A pacemaker is a small device that is implanted in the chest (right or left side) and helps control the heartbeat. It is used to prevent the heart from beating too slowly and its implantation requires a surgical procedure.
Depending on the heart condition, one of the following types of pacemakers will be implanted:
- Single-chamber pacemakers: This type of pacemaker usually carries electrical impulses to the right ventricle of the heart.
- Dual-chamber pacemakers: This type of pacemaker carries electrical impulses to the right ventricle and right atrium of the heart to help control the timing of contractions between the two chambers.
- Biventricular pacemakers: Biventricular pacemakers are for people who have heart failure and heartbeat problems. This type of pacemaker stimulates both lower chambers of the heart (right and left ventricles) so that the heart beats more efficiently.
Why is it implanted?
A pacemaker is implanted to help control the heartbeat. Your doctor may recommend a temporary pacemaker when you have a slow heartbeat (bradycardia) after a heart attack, surgery, or medication overdose, but otherwise your heartbeat is expected to recover. A pacemaker may be permanently implanted to correct chronic slow or irregular heartbeats or to help treat heart failure.
How does the heart beat?
The heart is a fist-sized muscular pump with four chambers, two on the left and two on the right. The upper chambers (right and left atria) and lower chambers (right and left ventricles) work with the heart\'s electrical system to keep it beating at an appropriate rate, usually 60 to 100 beats per minute for adults at rest.
The heart\'s electrical system controls the heartbeat, starting with a group of cells at the top of the heart (sinus node) and spreading to the bottom so that it contracts and pumps blood. Aging, damage to the heart muscle from a heart attack, some medications, and certain genetic conditions can cause an abnormal heart rhythm.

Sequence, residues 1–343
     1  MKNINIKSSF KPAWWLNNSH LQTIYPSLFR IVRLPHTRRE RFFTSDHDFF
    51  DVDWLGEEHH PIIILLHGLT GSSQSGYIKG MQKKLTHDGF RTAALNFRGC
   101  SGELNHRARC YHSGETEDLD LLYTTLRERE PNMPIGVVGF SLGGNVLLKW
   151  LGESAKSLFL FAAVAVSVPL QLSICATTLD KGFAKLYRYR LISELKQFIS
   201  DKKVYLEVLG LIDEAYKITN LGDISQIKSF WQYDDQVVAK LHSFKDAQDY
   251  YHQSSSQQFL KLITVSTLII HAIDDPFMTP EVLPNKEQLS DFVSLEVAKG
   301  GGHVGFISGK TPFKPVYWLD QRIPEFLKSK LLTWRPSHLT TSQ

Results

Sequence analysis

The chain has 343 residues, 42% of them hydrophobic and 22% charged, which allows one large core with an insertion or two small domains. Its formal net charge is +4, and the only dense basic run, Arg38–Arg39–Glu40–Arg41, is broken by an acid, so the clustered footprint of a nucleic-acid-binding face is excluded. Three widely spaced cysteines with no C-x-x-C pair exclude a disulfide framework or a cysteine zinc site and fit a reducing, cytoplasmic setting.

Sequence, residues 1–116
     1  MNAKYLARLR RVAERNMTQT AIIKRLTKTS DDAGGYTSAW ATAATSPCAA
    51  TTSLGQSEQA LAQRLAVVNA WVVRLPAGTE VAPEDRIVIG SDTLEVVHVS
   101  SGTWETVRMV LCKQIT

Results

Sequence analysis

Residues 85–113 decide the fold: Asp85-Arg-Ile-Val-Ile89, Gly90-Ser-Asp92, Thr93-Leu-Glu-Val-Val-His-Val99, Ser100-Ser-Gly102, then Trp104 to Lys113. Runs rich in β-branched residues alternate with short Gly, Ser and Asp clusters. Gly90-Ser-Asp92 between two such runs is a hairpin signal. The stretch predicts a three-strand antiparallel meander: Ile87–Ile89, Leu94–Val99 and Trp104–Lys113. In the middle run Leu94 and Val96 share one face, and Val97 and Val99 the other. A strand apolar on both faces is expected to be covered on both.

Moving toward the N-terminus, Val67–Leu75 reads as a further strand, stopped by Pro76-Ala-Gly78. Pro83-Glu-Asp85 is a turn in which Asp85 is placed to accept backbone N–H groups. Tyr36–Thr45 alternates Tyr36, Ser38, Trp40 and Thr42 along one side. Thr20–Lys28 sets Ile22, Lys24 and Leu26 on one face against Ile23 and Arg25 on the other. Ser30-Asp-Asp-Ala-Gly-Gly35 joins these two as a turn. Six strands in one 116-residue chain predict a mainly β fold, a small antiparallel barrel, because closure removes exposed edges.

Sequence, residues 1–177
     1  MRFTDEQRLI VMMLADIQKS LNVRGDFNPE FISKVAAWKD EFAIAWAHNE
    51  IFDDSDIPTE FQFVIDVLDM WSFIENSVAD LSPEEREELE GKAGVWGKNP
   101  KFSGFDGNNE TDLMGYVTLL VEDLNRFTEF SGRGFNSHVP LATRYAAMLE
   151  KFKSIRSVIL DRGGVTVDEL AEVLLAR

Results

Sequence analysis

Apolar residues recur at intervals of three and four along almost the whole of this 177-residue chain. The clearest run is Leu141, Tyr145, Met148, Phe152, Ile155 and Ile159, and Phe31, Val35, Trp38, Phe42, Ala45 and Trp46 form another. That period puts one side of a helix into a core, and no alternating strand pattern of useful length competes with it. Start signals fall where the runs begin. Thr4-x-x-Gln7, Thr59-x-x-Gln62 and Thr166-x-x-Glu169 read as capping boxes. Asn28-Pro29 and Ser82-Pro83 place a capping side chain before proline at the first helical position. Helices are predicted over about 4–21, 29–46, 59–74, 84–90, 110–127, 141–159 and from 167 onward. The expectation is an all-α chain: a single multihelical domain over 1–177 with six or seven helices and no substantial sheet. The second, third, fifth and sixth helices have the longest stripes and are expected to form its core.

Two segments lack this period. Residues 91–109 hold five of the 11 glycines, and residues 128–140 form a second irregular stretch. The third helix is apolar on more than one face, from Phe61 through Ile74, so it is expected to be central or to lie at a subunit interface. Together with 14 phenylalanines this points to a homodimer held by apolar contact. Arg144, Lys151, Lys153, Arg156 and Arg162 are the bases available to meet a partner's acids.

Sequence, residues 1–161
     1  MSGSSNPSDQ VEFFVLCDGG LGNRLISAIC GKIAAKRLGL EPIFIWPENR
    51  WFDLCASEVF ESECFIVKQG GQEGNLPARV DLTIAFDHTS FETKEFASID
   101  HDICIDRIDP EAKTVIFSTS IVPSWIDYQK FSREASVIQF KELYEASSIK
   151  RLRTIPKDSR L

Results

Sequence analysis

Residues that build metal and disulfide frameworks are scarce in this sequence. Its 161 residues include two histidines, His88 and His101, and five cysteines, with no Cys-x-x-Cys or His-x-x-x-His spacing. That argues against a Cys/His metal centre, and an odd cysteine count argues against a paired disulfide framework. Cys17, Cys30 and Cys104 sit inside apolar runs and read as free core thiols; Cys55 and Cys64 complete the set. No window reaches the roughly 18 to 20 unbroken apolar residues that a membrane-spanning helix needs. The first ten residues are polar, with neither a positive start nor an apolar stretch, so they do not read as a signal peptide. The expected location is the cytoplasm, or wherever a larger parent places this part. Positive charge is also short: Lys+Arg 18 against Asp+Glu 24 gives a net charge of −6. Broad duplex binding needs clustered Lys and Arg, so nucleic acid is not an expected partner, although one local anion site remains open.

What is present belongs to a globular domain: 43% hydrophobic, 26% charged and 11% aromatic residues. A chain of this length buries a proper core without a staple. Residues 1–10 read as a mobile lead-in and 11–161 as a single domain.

What does a pacemaker do?
Pacemakers work only when needed. If the heartbeat is too slow (bradycardia), the pacemaker sends electrical signals to the heart to correct the beat.
Some newer pacemakers also have sensors that detect body movement or breathing rate, prompting them to increase your heart rate during exercise as needed.
A pacemaker has two parts:
- pulse generator. This small metal container houses a battery and the electrical circuit that controls the frequency of electrical impulses sent to the heart.
- Wires (electrodes). One to three flexible insulated wires are placed in one or more chambers of the heart and send electrical impulses to match the heart rate. However, some newer pacemakers do not require leads. These devices, called wireless pacemakers, are implanted directly into the heart muscle.
Complications related to surgery to implant a pacemaker or having a pacemaker are rare, but may include the following:
- Infection near the heart site where the device was implanted
- Swelling, bruising, or bleeding at the pacemaker site, especially if you take blood thinners
- Blood clots (thromboembolism) near the pacemaker site
- Damage to blood vessels or nerves near the pacemaker
- Lung collapse (pneumothorax)
- Blood in the space between the lung and the chest wall (hemothorax)
- Movement (displacement) of the device or leads
How do you prepare?
Before your doctor decides if you need a pacemaker, you\'ll have several tests to find the cause of your irregular heartbeat. Tests that are done before a pacemaker is placed may include:
- Electrocardiogram. This quick and painless test measures the electrical activity of the heart. Adhesive patches (electrodes) are placed on the chest and sometimes on the arms and legs. They have wires that connect the electrodes to a computer that displays the results. A electrocardiogram it can show if the heart is beating too fast, too slow, or not at all.
- Holter monitoring. A Holter monitor is a small, wearable device that tracks your heart rhythm. Your doctor may have you wear a Holter monitor for 1 to 2 days. During that time, the device records every heartbeat. Holter monitoring is especially helpful in diagnosing heartbeat-related problems that occur at unpredictable times. Some personal devices, such as smart watches, offer EKG monitoring. Ask your doctor if this is an option for you.
- Echocardiogram. This noninvasive test uses sound waves to produce images of the heart\'s size, structure, and motion.